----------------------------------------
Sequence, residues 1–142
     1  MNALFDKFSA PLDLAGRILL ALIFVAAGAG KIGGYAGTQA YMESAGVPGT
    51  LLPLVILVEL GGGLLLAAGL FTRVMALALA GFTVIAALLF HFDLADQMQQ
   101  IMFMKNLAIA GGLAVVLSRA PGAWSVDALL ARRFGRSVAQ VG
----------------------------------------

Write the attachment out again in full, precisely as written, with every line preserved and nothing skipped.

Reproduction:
Sequence, residues 1–142
     1  MNALFDKFSA PLDLAGRILL ALIFVAAGAG KIGGYAGTQA YMESAGVPGT
    51  LLPLVILVEL GGGLLLAAGL FTRVMALALA GFTVIAALLF HFDLADQMQQ
   101  IMFMKNLAIA GGLAVVLSRA PGAWSVDALL ARRFGRSVAQ VG